The recent Napa earthquake surprised only a few people in California wine country, but there may have been some nervousness about the same time in Kansas. On August 25 a little 3.0 temblor shook the ground near the southern Kansas town of Harper. No damage.
But it got the attention of some people to the north in Manhattan, Kansas. That is the home of Kansas State University and is not far from Fort Riley. The 52,000 residents of the “Little Apple” live with the Humboldt Fault, which is the most active of many fault lines that run through the state. In 1867 there was a 5.5 Richter Scale quake along the Humboldt, which is 12 miles away from Manhattan.
“There is a building standard for the kind of earthquake area we are in,” Riley County Emergency Management Director Pat Collins told a TV reporter recently. Earthquakes are included in their all-hazards mitigation planning, and the U.S. Army Corps of Engineers also pays serious attention to earthquake possibilities. In July 2010 the Corps completed a $90 million project to add 351 underground concrete stabilization walls and a series of seismic sensors to Tuttle Creek Dam. This High-Hazard Potential dam puts thousands of people at risk.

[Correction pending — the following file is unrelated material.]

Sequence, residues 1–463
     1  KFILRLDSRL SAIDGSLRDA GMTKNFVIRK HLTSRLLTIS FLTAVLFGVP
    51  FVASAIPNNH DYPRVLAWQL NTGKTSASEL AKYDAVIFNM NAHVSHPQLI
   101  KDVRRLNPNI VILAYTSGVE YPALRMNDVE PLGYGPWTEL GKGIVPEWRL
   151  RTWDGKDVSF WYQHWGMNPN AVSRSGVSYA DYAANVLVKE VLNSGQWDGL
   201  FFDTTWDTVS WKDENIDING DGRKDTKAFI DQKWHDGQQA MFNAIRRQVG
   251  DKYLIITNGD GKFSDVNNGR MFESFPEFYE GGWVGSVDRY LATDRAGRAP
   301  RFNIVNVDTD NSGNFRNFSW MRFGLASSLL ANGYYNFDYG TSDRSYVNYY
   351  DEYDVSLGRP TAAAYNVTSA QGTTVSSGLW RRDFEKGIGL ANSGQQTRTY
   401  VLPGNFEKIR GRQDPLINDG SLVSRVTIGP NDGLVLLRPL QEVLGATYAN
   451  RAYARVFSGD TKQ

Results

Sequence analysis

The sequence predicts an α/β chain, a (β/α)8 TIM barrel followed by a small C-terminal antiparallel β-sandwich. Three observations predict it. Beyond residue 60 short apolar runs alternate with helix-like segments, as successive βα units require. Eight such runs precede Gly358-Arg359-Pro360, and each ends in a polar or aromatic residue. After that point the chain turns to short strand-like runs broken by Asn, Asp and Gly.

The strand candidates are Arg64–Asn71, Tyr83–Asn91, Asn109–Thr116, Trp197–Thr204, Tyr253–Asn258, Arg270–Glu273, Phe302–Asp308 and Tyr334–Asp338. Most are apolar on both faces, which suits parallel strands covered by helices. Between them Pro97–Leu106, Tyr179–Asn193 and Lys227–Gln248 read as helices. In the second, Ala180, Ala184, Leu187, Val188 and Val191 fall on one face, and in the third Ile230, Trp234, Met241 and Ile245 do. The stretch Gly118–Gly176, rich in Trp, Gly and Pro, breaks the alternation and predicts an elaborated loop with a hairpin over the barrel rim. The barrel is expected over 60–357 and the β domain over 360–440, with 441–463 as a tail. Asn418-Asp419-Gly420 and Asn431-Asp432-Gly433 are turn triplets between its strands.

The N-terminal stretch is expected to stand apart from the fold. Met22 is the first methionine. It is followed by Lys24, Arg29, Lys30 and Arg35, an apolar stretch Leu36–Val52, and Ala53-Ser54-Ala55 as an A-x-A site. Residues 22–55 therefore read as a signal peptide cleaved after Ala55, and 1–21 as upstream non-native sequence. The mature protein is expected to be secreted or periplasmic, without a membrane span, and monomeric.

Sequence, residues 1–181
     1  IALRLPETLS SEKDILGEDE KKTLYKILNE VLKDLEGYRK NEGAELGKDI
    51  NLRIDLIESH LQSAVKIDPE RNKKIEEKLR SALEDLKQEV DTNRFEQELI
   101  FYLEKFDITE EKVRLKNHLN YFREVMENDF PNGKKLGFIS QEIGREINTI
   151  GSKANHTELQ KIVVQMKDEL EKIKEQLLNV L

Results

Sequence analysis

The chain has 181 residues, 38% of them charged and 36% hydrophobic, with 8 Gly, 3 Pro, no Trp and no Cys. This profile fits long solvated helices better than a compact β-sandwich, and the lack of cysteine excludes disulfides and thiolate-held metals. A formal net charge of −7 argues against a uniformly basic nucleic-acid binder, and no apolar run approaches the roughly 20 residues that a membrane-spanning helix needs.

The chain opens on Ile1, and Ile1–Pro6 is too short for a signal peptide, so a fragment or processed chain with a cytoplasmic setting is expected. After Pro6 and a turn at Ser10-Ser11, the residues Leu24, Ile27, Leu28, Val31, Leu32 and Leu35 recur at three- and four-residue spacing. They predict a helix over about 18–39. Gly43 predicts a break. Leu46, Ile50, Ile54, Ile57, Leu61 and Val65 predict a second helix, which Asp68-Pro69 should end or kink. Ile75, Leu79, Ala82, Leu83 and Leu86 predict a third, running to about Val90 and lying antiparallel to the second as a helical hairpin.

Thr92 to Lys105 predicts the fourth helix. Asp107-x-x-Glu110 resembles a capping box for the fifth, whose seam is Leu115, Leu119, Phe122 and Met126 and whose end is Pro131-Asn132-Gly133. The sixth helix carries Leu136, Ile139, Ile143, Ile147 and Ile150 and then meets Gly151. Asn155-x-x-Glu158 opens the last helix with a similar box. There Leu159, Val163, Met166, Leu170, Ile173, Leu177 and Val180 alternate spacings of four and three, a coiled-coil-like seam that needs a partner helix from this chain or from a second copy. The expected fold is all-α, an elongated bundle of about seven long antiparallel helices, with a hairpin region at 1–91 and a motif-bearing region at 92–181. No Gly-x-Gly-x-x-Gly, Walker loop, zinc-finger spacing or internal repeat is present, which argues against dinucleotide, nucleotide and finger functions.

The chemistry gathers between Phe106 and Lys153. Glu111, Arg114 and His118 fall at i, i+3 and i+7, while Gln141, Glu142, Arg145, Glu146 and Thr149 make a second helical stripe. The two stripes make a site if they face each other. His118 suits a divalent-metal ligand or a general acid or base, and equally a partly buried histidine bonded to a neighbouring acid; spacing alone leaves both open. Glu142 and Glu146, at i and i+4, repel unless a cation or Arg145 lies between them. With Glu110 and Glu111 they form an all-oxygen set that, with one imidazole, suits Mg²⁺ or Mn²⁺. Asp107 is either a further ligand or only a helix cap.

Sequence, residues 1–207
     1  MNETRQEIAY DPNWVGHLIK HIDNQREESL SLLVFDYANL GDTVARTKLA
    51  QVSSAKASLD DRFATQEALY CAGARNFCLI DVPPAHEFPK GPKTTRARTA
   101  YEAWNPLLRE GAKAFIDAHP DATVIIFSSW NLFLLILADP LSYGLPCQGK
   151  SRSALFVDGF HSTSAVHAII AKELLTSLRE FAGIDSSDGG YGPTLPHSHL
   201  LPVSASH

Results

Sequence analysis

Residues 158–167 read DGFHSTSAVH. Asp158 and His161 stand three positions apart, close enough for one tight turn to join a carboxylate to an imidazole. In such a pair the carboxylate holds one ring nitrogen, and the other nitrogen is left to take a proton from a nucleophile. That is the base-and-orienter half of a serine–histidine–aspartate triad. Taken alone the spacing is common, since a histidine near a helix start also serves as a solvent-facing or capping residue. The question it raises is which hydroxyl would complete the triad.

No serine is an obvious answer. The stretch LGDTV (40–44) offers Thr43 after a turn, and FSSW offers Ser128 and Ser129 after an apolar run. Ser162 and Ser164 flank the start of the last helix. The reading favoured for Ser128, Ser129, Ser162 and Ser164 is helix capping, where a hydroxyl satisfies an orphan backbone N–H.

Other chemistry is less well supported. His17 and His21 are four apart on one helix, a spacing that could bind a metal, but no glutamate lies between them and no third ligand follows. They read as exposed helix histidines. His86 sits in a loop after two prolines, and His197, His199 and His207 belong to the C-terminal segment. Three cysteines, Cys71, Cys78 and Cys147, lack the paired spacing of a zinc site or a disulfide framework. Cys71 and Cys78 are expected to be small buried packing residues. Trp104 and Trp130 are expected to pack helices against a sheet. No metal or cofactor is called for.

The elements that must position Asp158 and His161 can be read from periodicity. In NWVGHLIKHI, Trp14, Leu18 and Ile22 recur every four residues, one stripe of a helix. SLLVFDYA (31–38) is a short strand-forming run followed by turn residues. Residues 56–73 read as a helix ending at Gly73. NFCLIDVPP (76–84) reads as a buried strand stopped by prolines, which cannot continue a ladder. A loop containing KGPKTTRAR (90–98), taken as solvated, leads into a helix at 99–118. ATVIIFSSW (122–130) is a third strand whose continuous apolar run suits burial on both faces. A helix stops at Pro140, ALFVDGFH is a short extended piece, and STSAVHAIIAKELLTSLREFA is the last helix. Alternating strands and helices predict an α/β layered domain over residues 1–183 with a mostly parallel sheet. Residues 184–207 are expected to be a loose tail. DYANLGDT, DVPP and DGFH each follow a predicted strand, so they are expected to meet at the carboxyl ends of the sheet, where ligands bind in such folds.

“We did come up with some evacuation plans for a catastrophic event like that,” Collins said.
But it could take anywhere from 10-24 hours to evacuate people to safety.
Tuttle Creek is a reminder that lots of states not normally associated with earthquakes need Emergency Action Plans for High-Hazard Potential dams because seismic activity can damage them and could cause failure.